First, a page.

London, United Kingdom (PI) – The UK Government introduced a draft surveillance bill on Wednesday – the innocuously named ‘Investigatory Powers Bill’. Trumpeted as ‘world leading’ by the Home Secretary, the only sense in which this is true is that other Governments around the world will now also seek a mandate for mass surveillance and hacking.
Until recently, the idea that a Government agent could hack a mobile phone and turn on its camera and microphone to bug a conversation in a room was the realm of science fiction, or a lazy spy movie, but such powers are now within reach of every government. This week the UK Government proposed the ‘Investigatory Powers Bill’, which would enshrine in law their right to use these deeply intrusive capabilities. Yet nobody is asking whether this is a good idea – instead we are only asking ‘how much?’ and ‘how far?’ can governments hack, steal, grab, watch, listen and take.
Forced into the open by Edward Snowden, the UK Government has rewritten its surveillance laws after it was described by one key government advisor as “undemocratic”. Shamed repeatedly for proposing expansive powers on a regular basis, on this occasion they had to introduce a draft bill for scrutiny even before they could introduce a final Bill to Parliament. We had hoped this would mean they would be chastened and cautious, as there is now a global discussion on how to constraint the modern, and incredible, government power to watch us all.
Instead, the UK Government is shooting for the moon, and trying to charm the British public that these powers are necessary and proportionate. They are neither. And if we are not careful, it will set a new standard for the rest of the world.
The global debate on surveillance has now reached a new level. Unfortunately it is a new low. A few months ago Congress took a first positive step when it reigned in some of the NSA’s surveillance powers in the Freedom Act, signalling to Americans and the world that a modern Government needs modern restraints on their unprecedented surveillance powers. This act by Congress went unmatched globally. The UK government’s new proposal signals their intent in going in the opposite direction, wanting more power than ever.
Already the UK carries the standard for what not to do. Often the National Security Agency would rely on GCHQ’s weaker legal regime to undertake their shared spying activities.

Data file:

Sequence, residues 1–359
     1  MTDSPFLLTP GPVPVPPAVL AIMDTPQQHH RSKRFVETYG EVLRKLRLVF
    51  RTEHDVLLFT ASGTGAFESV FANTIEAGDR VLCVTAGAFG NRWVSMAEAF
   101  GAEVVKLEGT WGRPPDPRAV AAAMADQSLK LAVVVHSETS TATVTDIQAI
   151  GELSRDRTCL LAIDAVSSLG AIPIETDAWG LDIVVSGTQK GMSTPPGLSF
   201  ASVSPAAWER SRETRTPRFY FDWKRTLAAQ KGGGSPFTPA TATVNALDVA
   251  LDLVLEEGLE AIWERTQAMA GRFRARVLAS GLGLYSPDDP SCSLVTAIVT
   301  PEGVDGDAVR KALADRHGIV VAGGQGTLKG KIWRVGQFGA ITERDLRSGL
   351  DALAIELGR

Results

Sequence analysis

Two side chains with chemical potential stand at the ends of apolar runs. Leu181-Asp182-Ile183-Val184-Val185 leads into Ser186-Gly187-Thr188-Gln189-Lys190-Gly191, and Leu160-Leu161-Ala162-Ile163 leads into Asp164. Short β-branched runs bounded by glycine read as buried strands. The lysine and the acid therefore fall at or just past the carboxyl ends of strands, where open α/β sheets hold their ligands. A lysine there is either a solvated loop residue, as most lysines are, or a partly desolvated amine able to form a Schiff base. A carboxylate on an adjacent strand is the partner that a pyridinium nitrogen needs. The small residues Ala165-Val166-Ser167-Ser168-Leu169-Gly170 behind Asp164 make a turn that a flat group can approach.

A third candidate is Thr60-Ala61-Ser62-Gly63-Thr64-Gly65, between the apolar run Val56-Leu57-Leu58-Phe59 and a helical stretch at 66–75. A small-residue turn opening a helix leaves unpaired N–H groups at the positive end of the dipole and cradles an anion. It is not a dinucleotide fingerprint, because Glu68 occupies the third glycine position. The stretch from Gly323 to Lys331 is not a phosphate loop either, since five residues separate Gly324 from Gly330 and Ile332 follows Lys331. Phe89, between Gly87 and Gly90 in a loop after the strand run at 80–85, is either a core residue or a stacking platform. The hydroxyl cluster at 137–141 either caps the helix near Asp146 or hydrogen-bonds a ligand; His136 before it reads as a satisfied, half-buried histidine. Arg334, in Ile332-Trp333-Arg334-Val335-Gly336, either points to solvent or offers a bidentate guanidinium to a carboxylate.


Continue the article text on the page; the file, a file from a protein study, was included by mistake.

The UK Government announced with great proclamation that for the first time in its history, there shall be judicial warrants for wiretapping. But this is nothing but misdirection. Interception warrants in the UK will continue to be signed by politicians – the equivalent of the Attorney General. Now, with great fanfare, British citizens are told they should be grateful that the Government is willing to let a judge look at the warrant – to ensure that the politician did his or her job. That’s not a judicial warrant – it’s not even a judge marking the homework of the politician. Rather, it is a judge being asked to ensure that the homework wasn’t eaten by the proverbial dog.
If that was the carrot, the stick is a beast. The UK Government announced that its agencies shall be able to order any company to assist in conducting surveillance on its customers. Companies would need to retain records of their customers’ internet connections, and most troubling that companies would have to enable the UK Government to conduct hacking against their customers. If that wasn’t enough, the UK Government proclaimed it shall have the power to hack in bulk. And if that still wasn’t enough, companies will be compelled to help the UK Government intercept communications in bulk.
There was a time when we watched criminals, and criminals alone. There was a time when we targeted suspects, and suspects alone. There was a time that the search for a needle in the haystack meant that we shouldn’t add more hay. In the age of ‘bulk surveillance’, innocent people are just hay for the haystacks of the surveillance agencies. In the age of bulk hacking, all our devices belong to them. And companies everywhere must comply or face criminal sanction.
Innovation has so much to offer to build better technologies and giving us more control over our lives. We are about to enter a ‘smart’ world, an ‘internet of things’, with quantified societies and connected people. The foundations of this emerging future must be trust. Laws like these will undermine all of that trust. Our devices will not belong to us, and our service providers will service governments.
Governments of the world, repressive and democratic, are watching the United Kingdom to see what they can get away with if the land of the Magna Carta can get away with it.
Written by Dr Gus Hosein for Privacy International.